“The Avernen are troublesome,” Eritan said carefully.
Selonius nodded. It was rare that the Emperor agreed with him so readily. “They are. Renewed scouting parties have been sent north, after the last returned nearly decimated. Of four squads, not even ten men came back alive.”
“Troublesome, indeed,” Eritan said, and exchanged a glance with Joraan, who was standing behind and to the right of him.
“One man reports that their party’s Chaplain was next to useless, when they were attacked. I intend to question both the soldier and the Chaplain, personally, when they arrive here.”
“Useless? How can that be?” Eritan frowned. The Chaplains were an essential part of the Imperial Army. Without them, their forces couldn’t function efficiently.
“The messenger bore a note, and said that the Chaplain—a well-known and devout man named Artius—did not even attempt to summon his Faith in combat. No invocations were heard, no prayers spoken. They were not aided by the Flame.”
“More than troublesome.”
“More than troublesome,” Selonius agreed. “It seems that they only escaped from the Avernen by luck, and the actions of a few swordsmen. Those beasts are vicious, and came upon the scouts in ambush.”
“What do you intend to do about this, Selonius?” Eritan asked, his voice quiet. This could be a small victory, this morning. Despite the shocking news about the Avernen. “As First Cleric, it is your responsibility to maintain the Faith. If your priests are failing….”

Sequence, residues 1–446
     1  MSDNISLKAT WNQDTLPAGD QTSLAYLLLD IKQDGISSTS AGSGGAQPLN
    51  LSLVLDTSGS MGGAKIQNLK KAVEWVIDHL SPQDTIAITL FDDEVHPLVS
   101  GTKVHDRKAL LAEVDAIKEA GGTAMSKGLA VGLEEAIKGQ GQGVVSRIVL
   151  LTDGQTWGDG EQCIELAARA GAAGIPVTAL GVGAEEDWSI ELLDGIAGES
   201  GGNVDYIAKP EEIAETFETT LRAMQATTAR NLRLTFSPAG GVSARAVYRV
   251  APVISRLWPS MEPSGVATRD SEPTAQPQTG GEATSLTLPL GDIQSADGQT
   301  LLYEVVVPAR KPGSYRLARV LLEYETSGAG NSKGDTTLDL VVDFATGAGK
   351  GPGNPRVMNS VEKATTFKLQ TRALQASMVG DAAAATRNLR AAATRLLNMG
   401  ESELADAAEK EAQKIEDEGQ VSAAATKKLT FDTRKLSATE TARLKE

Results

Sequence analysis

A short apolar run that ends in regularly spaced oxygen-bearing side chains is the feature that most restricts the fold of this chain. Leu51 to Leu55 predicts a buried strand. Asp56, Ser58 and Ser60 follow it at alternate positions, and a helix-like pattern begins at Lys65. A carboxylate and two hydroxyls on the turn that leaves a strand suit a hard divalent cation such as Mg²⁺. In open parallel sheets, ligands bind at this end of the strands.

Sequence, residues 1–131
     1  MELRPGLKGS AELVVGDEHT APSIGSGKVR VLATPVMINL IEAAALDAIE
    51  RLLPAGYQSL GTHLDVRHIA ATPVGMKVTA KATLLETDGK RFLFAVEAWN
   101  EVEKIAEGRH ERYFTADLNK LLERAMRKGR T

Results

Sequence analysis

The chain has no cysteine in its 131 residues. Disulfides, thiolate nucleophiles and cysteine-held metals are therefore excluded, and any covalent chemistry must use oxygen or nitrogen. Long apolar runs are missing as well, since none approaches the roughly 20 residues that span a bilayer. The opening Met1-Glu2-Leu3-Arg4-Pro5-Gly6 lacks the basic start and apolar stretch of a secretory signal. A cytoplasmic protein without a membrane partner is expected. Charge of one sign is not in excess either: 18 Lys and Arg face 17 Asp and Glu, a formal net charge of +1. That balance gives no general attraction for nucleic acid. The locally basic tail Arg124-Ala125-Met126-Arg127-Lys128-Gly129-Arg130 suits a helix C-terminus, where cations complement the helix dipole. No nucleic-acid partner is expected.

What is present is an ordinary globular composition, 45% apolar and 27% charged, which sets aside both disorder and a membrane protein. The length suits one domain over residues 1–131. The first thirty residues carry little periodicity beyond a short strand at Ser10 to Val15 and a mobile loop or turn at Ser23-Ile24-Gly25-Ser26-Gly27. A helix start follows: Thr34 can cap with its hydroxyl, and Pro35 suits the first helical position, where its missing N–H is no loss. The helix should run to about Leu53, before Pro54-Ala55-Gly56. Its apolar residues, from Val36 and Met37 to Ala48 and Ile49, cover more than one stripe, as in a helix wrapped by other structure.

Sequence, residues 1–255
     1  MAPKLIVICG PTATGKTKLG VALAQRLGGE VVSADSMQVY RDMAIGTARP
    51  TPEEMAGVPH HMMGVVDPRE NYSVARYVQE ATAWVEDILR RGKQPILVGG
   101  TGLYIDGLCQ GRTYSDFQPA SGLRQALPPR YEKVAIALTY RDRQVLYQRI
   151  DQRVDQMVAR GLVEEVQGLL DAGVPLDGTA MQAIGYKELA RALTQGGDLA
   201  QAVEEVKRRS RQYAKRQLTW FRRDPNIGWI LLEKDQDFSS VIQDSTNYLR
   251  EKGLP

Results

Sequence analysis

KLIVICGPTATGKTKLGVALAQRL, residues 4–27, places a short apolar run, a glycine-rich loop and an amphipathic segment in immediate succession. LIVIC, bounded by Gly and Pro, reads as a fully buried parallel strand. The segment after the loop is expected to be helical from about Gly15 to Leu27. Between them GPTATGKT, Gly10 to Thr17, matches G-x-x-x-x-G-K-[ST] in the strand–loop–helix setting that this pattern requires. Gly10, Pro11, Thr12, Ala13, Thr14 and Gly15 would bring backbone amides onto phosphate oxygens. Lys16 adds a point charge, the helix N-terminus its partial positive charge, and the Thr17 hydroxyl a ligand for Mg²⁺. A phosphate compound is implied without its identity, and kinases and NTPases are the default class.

Selonius swallowed visibly as Eritan’s words hung in the air. “This Artius will be investigated, certainly. Perhaps he will undergo the Crucible, if it is deemed necessary.”
“Good. We cannot allow such failures. The Empire rests upon the Faith, as you yourself have informed me on many occasions.”
“It does, Your Majesty. I would also suggest that perhaps the Chaplains be given more opportunity to reinforce the Faith among the soldiers. A new rank, perhaps, outside of the current command structure.”
Eritan felt his face darken. The man was trying to gain more influence in the light of this failure? “I think not.” His voice was curt. “Until I see evidence that your Chaplains can maintain their current responsibility, there is no reason for them to be given new powers. They are there to serve the Imperial Army, not command it.”
“But—,” Selonius began.
“Enough!” Eritan pounded the arm of his chair, not surprised to realize that his hand was balled in a fist. “It is enough that I have said so. Be glad that I have not chosen to take this investigation to higher ranks.”
One of the White Robes gasped, a spindly man who seemed taller than he was because of his build. A stockier man next to him glared in reproach, but even Selonius paled a bit at the threat. “We will discuss this later. Just remember, Your Majesty, that only the Faith has the right to internal inquiries. The Throne is separate.” He rose, gathering his robes about himself in indignation, and turned to go. His lackeys followed suit.
Eritan also rose, and stepped forward. He grabbed the sleeve of Selonius’ robe. The silk rubbed under his fingers. “Perhaps you would do well to remember that, too, Selonius. That separation goes both ways.”
Selonius jerked his sleeve out from Eritan’s grip with a glare and swooped from the room. The White Robes hurried behind him, and the Phoenix Guards stared a silent challenge at Eritan and his Dragon Guards before following.
Read the next chapter: “Dawn of Embers”